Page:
• Prepare the examination sheet, treatment card, consultation forms, and any other necessary information for the doctor. This should take you no more than five minutes, once the patient has completed the paperwork.
  • Give the doctor the clipboard with the patient information and required forms.
  • Notify the doctor (before he or she sees the patient) regarding any special situations, such as if the patient is only there for a complimentary consultation; if the patient has a coupon or gift certificate; or if the patient has money "issues." This will prevent any embarrassing situations or misunderstandings.

Scheduling the second visit: Never look at the patient and ask when he or she wants to see the doctor again. This is a set-up for failure. Instead, follow these simple steps:
  • When the doctor finishes with the patient, the patient should return to the front desk to schedule the next appointment. The doctor must indicate on the routing slip when the patient needs to be seen again. For example, the doctor may indicate on the routing slip that the patient needs to come in tomorrow for a "report of findings" (ROF) and/or treatment.
  • Look the patient in the eye and say, "You will need to see the doctor tomorrow." Ask, "Would you prefer morning or afternoon?" Once again, you should have special times set aside for ROF visits.
  • If the patient will be viewing a video prior to the ROF, build an extra 10-15 minutes into the next appointment time. It is best not to mention that the patient will be seeing a video. Inform him or her that the appointment is at 9:45, and write 10:00 in the book.

Collecting on the first visit: After scheduling the second visit, you will have to collect the first visit fees. If this is a workers' compensation or personal-injury case, payment may be deferred, but in most other cases, the patient will need to pay at least a portion of the payment. The routing slip will also indicate what services the doctor has performed. For example, let's say the patient is a cash patient, and your office policy dictates that he or she pays in full at the time of service. The doctor indicated that an intermediate examination was performed, that AP/lateral cervical X-rays were taken, and that the patient was given an ice pack to use at home. Proper scripting and body language are important and can make or break the practice (and the bank):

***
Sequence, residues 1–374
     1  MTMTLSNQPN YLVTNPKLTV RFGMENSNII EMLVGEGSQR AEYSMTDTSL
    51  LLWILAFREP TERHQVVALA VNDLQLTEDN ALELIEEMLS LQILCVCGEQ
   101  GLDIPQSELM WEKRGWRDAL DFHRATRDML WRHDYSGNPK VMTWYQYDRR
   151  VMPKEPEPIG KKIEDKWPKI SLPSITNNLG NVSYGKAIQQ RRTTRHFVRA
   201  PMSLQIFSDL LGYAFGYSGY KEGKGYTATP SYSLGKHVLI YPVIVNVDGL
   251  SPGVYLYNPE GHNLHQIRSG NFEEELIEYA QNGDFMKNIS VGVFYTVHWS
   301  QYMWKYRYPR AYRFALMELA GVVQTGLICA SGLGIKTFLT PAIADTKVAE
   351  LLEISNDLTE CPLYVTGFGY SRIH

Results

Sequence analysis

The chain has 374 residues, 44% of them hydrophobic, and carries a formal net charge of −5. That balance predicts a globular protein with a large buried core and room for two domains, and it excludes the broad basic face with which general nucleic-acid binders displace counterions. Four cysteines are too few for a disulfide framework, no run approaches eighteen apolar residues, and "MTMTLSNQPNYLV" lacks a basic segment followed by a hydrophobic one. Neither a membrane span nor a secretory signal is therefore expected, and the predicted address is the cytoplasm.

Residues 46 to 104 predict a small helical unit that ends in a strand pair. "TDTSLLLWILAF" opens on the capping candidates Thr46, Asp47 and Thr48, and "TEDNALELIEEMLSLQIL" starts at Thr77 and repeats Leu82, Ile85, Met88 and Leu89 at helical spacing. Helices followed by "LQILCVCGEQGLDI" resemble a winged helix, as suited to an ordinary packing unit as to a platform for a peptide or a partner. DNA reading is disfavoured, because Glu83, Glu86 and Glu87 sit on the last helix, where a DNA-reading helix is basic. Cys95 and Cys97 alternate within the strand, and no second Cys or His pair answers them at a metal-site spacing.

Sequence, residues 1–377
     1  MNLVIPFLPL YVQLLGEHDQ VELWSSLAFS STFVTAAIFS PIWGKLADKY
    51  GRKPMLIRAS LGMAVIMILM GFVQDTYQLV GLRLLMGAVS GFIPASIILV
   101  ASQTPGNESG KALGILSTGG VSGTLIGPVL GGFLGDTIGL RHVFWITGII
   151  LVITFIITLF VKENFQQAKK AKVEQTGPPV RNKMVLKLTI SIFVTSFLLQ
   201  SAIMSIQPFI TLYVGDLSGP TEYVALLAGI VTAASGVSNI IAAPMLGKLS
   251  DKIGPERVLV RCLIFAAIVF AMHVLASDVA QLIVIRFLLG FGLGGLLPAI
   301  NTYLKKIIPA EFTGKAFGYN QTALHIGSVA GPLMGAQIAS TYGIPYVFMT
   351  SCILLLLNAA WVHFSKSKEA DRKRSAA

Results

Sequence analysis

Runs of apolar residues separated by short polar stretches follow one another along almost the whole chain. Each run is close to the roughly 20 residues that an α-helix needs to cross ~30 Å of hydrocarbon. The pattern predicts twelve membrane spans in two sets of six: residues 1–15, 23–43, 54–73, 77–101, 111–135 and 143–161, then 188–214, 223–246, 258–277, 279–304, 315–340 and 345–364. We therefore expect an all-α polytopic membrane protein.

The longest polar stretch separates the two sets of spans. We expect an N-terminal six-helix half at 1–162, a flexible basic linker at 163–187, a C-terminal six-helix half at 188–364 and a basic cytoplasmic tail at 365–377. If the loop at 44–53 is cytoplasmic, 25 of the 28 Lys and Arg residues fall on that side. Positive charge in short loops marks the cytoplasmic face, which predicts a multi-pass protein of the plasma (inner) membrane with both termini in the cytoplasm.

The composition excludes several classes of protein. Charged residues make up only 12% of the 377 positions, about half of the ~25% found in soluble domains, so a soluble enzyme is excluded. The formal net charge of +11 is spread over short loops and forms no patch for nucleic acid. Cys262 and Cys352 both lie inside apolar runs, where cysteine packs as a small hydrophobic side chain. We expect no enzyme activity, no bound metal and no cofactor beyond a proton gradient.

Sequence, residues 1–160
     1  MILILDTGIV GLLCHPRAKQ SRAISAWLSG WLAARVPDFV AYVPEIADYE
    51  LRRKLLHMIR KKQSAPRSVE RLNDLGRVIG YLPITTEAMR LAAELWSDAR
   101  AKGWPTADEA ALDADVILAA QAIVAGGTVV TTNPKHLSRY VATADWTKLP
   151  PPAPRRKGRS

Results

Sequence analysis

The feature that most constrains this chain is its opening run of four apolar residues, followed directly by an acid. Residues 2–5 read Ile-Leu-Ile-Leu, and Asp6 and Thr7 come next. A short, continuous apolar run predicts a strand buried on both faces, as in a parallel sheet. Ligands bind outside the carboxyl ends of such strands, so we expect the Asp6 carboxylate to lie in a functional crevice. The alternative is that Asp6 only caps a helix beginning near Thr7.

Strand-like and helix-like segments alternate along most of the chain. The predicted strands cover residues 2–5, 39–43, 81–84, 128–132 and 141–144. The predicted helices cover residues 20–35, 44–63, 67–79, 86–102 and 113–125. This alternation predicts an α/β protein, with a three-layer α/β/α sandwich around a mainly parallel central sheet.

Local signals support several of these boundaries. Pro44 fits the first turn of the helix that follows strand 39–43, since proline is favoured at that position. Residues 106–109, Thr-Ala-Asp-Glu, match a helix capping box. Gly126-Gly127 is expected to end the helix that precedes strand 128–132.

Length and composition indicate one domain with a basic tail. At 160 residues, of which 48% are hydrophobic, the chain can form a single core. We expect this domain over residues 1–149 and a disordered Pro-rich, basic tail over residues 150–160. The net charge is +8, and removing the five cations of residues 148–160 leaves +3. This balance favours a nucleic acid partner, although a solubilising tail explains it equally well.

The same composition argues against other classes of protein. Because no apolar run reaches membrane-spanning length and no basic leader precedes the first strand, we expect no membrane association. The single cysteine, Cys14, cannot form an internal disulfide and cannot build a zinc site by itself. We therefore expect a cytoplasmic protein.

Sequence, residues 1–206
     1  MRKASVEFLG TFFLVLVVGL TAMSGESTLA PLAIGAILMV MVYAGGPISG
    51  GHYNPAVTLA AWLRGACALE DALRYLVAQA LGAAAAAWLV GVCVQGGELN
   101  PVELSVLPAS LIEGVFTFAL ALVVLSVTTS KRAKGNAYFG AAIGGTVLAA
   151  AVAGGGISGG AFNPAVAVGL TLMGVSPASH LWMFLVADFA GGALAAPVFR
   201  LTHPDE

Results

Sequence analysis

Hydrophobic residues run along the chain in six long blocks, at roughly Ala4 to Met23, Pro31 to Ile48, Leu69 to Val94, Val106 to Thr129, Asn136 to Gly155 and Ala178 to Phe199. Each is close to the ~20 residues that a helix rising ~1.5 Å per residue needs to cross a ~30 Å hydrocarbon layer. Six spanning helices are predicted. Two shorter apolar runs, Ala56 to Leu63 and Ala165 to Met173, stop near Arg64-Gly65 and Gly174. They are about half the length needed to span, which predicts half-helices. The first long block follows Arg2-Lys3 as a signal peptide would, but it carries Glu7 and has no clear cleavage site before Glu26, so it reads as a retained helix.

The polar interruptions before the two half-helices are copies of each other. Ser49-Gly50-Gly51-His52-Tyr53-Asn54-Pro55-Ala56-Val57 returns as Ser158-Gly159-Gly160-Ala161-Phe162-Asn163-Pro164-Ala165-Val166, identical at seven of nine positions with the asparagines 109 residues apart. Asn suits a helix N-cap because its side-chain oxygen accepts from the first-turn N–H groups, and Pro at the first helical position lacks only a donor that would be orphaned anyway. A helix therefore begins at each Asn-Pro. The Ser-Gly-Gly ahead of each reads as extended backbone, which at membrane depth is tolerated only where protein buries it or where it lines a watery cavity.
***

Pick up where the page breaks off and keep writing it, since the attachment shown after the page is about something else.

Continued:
• Make eye contact with the patient.
  • Itemize all services and charges. Each service should be explained separately, so that there are no misunderstandings about what the patient received.
  • Don't say the word "dollars." Strange as this may sound, I was given that advice 23 years ago, and when I asked "Why?" I was told that people know an amount is in dollars, so it is not necessary to say it.
  • Ask for payment using a close-ended statement, which gives you the answer that you want. For example, "Will that be check, cash or charge?" That is exactly what we are looking for, versus "How do you want to pay for that?" which is open-ended and has an infinite number of possibilities, including, "I don't want to."
  • Nod your head subtly (a neurolinguis-tic programming concept of affirmation) while making the above statement.

Here is what it will sound like: "There was no charge for the consultation today. You had a thorough chiropractic, orthopedic, and neurological exam for $75. The doctor took two X-rays of your neck for $60 and gave you an ice pack to use at home for $10. The total for today is $145. Will that be cash, check or charge?"

Good job! Start off right, and you will utilize your time efficiently and make a professional impression that patients will share with their friends and acquaintances. In addition, you'll plug the holes in your bucket and experience stress-free growth!

Lisa Bilodeau
Scotts Valley, California

Click here for previous articles by Lisa Bilodeau, CA.